Director of the Division or the Director's designee may require an 
FCM filing a notice under Rule 1.12(g) to furnish additional 
information. The Commission believes that it is important to 
maintain this flexibility and this is another reason why early 
warning notices should be filed with the Commission as well as the 
DSRO and not only with the latter as Bielfeldt suggested.
---------------------------------------------------------------------------

    The Commission also wishes to respond to the comments of Bielfeldt 
and Mr. Goldberg that no notice should be required or can be prepared 
with respect to capital reductions resulting from planned transactions. 
As the Commission stated when it published the proposals:

    The Commission's early warning rules relating to an FCM's level 
of capital contemplate that the FCM will have systems in place to 
monitor its capital levels and its compliance with the Commission's 
net capital rules on a day-to-day basis. The Commission requires 
each FCM to be able to demonstrate its capital compliance at any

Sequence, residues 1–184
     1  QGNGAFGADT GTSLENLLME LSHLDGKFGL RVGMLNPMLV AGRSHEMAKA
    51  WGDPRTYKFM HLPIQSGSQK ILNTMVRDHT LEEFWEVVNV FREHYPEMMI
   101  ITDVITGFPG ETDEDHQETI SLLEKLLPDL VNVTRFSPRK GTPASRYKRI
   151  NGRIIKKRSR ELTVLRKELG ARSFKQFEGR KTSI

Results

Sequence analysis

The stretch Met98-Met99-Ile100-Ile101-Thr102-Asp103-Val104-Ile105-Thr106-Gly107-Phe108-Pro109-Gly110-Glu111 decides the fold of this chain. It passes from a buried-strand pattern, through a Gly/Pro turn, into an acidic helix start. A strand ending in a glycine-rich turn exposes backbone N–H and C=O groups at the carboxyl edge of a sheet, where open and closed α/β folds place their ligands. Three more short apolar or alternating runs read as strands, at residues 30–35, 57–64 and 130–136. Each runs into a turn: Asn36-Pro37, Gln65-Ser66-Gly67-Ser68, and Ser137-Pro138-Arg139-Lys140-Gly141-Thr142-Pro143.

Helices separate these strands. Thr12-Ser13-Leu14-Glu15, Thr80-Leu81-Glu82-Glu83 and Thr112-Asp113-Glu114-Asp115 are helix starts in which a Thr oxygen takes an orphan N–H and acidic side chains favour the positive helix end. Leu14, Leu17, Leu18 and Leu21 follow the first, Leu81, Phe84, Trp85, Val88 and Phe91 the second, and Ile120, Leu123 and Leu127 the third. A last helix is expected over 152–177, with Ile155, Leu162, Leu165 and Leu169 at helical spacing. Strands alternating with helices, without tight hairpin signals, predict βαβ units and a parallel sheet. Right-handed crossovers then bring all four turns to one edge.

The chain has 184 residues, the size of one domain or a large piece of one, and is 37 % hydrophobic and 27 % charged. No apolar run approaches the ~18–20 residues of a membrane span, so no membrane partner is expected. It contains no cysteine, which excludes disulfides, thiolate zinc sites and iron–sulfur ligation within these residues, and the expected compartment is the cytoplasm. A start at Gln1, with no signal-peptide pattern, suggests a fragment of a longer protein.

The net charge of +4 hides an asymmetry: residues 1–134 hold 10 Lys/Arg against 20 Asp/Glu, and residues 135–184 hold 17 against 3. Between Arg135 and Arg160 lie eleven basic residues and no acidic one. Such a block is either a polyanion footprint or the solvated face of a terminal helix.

time and not just on a required formal computation or filing 
date.13 Consequently,

[[Page 19181]]

the effect of planned transactions on net capital should be readily 
determinable.

    \13\ See Commission Rules 1.17(a)(3)-(5) and 1.18(b), 17 CFR 
1.17(a)(3)-(5) and 1.18(b) (1995).
---------------------------------------------------------------------------

    The Commission further notes that since it issued these proposals, 
the failure of Barings PLC has occurred. That failure only reinforces 
the need for FCMs to have robust internal controls and capital 
monitoring systems that permit a firm to assess its financial position